*Every Nook and Every Cranny of the Earth*

    The rain comes
    and we wait
    for the lines of poetry
    to spill out into patterns.

    We wait for our words to echo what the rain says
    and how it splashes in an ordered chaos.

    Perhaps it’s something inherent in rain
    that brings us to poetry.

    With all of the pluviophiles stirring
    when the large drops begin to fall
    like kamikazes from the sky
    and all of the poets slink by like salamanders
    through the wide-open fields
    that are greener and more abandoned when it rains.

    We walk alone under the weight of sagging gray clouds,
    clouds that grew too heavy for themselves
    until they split open and poured their insides out
    continuously onto the earth.

    Poets are rain creatures who are full
    when the mountains are obscured
    by dense, coiling mists and shades of storm.

    We are full when everything is inundated.
    And we need to be emptied like the rain clouds.

    We cannot help ourselves, to be
    like the rain.

    The storms drift like giant tumultuous beasts,
    groping blindly at the mountains, at odds
    with themselves as if processing
    the most obscure, unimaginable thoughts
    and crying about it endlessly.

    Something in us awakens when
    there’s the possibility of flood.

    When the waters rise
    and the land and every object
    is a single receptive body.

    It’s as if there is a great metaphor
    that we can’t quite see or understand
    but want to write about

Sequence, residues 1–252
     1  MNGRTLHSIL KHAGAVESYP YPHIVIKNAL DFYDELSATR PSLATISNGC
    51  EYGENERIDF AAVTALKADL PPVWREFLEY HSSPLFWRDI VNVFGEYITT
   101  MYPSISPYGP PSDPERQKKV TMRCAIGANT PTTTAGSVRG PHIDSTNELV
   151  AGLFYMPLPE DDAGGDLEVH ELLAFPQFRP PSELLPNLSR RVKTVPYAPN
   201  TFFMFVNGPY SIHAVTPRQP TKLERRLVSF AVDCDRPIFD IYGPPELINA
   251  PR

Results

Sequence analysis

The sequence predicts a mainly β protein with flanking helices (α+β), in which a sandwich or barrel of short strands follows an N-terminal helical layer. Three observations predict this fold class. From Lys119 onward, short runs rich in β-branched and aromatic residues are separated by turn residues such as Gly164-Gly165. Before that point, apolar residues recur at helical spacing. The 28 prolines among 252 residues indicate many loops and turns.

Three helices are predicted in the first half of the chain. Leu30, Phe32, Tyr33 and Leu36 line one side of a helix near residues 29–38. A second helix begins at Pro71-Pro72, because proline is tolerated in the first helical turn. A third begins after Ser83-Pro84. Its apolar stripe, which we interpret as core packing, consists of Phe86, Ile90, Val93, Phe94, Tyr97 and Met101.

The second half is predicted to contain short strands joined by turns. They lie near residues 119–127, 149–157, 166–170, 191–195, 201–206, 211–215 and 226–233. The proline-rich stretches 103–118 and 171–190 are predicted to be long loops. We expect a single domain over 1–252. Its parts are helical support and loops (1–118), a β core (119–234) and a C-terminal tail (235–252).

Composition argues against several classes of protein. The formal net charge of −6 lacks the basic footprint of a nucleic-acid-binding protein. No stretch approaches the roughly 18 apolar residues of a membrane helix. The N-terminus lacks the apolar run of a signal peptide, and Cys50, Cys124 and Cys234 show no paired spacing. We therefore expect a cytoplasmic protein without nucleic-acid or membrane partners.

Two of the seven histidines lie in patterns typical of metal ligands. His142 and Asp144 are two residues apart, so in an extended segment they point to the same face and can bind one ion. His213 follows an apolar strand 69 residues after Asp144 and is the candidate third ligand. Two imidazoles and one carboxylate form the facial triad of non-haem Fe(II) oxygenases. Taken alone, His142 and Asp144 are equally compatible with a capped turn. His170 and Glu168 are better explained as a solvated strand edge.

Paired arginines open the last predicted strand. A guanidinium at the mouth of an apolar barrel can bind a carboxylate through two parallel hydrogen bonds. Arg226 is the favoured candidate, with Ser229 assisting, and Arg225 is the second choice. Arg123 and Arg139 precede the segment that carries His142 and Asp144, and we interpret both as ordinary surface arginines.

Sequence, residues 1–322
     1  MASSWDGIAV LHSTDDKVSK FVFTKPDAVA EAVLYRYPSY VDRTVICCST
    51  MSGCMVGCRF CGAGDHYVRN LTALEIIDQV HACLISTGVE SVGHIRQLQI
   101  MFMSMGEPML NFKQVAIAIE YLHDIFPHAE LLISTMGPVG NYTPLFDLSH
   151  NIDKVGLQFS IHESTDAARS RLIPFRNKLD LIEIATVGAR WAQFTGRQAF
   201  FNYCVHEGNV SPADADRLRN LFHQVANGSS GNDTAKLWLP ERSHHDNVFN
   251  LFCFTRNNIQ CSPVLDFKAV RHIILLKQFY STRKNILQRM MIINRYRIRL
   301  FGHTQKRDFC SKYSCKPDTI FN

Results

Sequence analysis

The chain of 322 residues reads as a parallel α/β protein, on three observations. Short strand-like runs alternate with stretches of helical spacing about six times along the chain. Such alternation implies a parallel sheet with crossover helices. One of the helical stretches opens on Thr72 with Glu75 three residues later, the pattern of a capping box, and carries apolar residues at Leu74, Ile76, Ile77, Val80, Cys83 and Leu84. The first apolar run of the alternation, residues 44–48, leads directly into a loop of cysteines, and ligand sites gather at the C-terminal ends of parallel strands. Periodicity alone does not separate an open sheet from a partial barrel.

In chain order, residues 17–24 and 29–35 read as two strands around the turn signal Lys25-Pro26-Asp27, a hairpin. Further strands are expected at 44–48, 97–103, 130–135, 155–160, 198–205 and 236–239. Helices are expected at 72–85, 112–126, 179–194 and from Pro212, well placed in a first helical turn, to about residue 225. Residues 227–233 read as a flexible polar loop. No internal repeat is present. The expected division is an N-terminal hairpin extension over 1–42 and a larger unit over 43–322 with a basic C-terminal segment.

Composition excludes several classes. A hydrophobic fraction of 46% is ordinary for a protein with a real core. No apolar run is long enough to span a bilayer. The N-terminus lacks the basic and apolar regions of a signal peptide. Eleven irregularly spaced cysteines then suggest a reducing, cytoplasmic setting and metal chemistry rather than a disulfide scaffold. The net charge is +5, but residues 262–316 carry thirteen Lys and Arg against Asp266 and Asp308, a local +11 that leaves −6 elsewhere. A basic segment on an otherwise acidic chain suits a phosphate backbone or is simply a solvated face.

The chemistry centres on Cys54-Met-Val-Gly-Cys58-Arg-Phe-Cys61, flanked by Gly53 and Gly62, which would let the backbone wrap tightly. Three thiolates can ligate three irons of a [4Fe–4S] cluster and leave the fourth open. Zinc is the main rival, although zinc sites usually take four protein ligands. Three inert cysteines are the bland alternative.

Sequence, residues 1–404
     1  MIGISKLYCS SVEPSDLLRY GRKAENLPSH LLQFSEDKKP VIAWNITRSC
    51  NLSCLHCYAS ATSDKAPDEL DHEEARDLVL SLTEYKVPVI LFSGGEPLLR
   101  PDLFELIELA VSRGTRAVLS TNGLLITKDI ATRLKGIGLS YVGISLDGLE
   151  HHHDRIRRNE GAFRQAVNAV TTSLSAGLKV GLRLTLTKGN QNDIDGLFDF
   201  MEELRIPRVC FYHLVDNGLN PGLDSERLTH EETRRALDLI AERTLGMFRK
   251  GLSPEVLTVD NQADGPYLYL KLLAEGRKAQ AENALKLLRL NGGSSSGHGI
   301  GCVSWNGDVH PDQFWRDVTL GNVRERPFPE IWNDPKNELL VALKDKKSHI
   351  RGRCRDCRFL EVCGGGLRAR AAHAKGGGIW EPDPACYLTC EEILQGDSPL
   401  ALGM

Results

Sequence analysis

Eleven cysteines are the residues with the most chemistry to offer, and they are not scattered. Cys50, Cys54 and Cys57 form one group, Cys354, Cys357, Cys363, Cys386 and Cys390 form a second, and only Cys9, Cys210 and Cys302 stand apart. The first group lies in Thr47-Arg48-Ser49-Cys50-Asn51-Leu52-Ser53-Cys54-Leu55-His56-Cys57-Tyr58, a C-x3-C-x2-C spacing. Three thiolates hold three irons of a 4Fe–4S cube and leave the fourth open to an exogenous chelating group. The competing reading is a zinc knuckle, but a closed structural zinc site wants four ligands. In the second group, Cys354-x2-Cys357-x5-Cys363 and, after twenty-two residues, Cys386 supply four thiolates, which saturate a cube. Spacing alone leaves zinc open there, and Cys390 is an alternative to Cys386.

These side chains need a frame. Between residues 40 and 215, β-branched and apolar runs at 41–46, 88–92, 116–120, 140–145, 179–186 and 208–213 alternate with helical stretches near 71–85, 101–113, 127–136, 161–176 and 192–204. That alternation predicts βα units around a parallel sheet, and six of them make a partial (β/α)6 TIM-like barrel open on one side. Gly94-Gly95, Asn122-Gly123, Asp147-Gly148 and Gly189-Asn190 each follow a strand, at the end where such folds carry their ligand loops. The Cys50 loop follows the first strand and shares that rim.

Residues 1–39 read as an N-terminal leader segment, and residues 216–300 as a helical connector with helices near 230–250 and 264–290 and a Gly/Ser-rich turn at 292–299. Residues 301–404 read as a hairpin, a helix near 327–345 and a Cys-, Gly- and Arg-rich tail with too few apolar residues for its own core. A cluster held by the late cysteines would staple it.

when the skies bruise and burst into showers.

    And there is movement in the dark ravines somewhere.
    And there’s water flowing through the labyrinth
    of underground tunnels somewhere, and every nook
    and every cranny of the earth
    is touched.

    • Claudia Willmore April 30, 2014 at 5:44 pm #

      To Jack Stull- What a wonderful poem! You have talent! Thank you for taking the time to post it.


  6. makeupmaureen May 2, 2015 at 4:58 pm #

    Reblogged this on makeupmaureen and commented:
    ombrophiliac kindred soul

  7. sam baik June 20, 2015 at 4:15 am #

    (n) a lover of rain; someone who finds joy and peace of mind during rainy days

    (n) the smell of earth after rain

  8. Jennifer Gonzaga June 30, 2016 at 9:44 pm #

    It is actually called ….. pluviophile!

  9. creekwaterwoman November 5, 2016 at 6:30 pm #

    I did not know there was another in Oklahoma that loved rain like me! I live for the damp, cool drizzly days. Like winter in Seattle. I live for it and the Oklahoma summers nearly kill me—every year.

    • brileyrebecca November 5, 2016 at 7:51 pm #

      That’s why I had to move back to Kentucky! OK nearly killed me too!

  10. Rose Beach July 23, 2017 at 2:07 pm #

    I love the rain sooooo much! It conjures up childhood memories of a warm loving environment with parents who were nurturing. My mom would make comfort meals like savoury stews and marble cake with buttercream icing. We would gather in the kitchen and enjoy each other’s company while the rain splattered against the window. To this day I look forward to rainy stormy weather. When my attic is restored I look forward to hearing the heavy England rain on the roof. It will again transport me back to a lovely time when troubles were few and every rainy day was a joy.

  11. Kristine March 22, 2018 at 3:01 pm #

    Hi:) Im a lover of rain too ❤ ❤
    I was born on a rainy day and every year since it has rained on my birthday (okay, it has been sunny 6 of the times but 32 out of 38 years is still special!)
    Anyway, I stumbled across your blog and wanted to share a couple words that I’ve come to know over the years:

    A lover of rain is a pluviophile.
    The smell just after a rainfall is petrichor.

    And thank you for the new word! From one ombropiliac to another!